LA County African-Americans face severe pandemic hardships
Struggle more to meet basic needs
OW Staff Writer | 2/19/2021, midnight
A recent economic survey suggests that a large percentage of Los Angeles County residents struggle to meet the basic needs of housing, health care, food and education—with Black and Latino groups paying a larger share of their income for rent and Asians and Latinos less likely to visit a doctor.
The USC Dornsife-Union Bank LABarometer report examining affordability and prosperity in Los Angeles is the first of what will be an annual report based on a survey of about 1,800 county residents.
Among the report’s findings:
—A major percentage of renters in Los Angeles County—44 percent—pay more than half their income to a landlord, much higher than the national average of 25 percent in 2018. Nearly two-thirds spend more than the recommended 30 percent of their wages on housing. By contrast, less than a quarter of homeowners have a mortgage payment greater than 30 percent of their income.
—Seventy percent of Latino renters are rent-burdened, as are 66 percent of Black renters, compared to the 58 percent of Whites and 52 percent of Asians who spend more than 30 percent of their income on rent.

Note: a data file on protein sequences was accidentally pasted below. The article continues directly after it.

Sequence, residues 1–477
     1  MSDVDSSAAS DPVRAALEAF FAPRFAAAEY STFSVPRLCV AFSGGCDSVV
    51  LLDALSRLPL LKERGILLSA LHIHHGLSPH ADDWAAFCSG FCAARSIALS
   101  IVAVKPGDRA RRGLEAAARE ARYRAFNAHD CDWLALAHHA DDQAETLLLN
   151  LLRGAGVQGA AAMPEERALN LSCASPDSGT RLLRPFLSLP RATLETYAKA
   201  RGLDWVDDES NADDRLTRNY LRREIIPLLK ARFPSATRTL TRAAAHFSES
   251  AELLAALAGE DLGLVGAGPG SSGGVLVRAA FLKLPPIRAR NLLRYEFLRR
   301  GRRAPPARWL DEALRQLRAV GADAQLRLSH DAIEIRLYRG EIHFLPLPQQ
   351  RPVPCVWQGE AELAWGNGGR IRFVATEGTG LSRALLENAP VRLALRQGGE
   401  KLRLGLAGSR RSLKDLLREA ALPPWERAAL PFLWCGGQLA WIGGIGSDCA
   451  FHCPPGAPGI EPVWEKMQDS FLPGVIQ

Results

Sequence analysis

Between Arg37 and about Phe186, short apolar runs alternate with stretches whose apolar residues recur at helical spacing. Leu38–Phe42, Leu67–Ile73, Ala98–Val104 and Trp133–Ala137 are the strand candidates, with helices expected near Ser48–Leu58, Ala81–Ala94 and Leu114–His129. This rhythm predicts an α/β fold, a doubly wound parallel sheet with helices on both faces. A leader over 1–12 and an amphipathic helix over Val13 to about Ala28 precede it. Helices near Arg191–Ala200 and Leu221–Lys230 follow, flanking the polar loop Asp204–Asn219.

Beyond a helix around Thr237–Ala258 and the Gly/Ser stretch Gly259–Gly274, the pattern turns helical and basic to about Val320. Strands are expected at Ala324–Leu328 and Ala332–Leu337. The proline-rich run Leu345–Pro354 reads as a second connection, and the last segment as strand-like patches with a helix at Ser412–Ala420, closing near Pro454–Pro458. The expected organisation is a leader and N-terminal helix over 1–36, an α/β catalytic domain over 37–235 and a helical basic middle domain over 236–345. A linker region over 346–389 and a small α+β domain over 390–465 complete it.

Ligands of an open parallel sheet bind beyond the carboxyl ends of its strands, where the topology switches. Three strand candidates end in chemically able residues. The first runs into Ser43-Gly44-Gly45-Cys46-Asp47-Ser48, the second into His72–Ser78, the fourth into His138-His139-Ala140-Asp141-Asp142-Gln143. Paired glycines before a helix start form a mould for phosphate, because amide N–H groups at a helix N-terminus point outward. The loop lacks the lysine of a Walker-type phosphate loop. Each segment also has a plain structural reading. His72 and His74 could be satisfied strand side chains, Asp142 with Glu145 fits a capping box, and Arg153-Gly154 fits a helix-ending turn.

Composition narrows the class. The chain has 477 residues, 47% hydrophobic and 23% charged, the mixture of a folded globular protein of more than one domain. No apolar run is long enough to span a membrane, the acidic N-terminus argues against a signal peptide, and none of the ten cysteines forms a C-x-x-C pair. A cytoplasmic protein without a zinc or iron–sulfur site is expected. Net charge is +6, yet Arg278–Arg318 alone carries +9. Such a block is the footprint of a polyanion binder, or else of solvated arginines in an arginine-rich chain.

—About one in three Angelenos postponed or went without necessary medical care in 2020 because the cost was too high.
—Half of Asians visited a primary care doctor last year, compared to 67 percent of Whites.
—About half of county residents rate the overall quality of their local schools as good or excellent. But Black parents are significantly less likely to send their children to neighborhood schools, likely due to longstanding racial inequalities in access to high-quality public education.
“It comes as no surprise that L.A. is an expensive place to live, yet the extent and persistence of L.A.’s affordability crisis remains extraordinary,’’ said Kyla Thomas, director of LABarometer and a USC Dornsife sociologist. “The most basic need for millions of Angelenos is the ability to afford the cost of living in L.A. That’s been a longstanding challenge that has left many residents without a safety net, which is particularly problematic during times of crisis, like the ongoing pandemic.’’
The survey was conducted from Sept. 30 to Nov. 1 by the Center for Economic and Social Research at the USC Dornsife College of Letters, Arts and Sciences. The participation rate for the survey was 75 percent, and its margin of error is 2.6 percentage points.